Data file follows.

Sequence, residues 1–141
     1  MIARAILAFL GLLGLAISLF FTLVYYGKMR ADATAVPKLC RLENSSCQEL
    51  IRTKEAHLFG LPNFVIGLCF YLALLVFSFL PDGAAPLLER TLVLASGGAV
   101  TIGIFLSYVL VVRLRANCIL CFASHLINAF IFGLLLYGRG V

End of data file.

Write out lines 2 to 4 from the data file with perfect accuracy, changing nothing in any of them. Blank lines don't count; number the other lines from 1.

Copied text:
     1  MIARAILAFL GLLGLAISLF FTLVYYGKMR ADATAVPKLC RLENSSCQEL
    51  IRTKEAHLFG LPNFVIGLCF YLALLVFSFL PDGAAPLLER TLVLASGGAV
   101  TIGIFLSYVL VVRLRANCIL CFASHLINAF IFGLLLYGRG V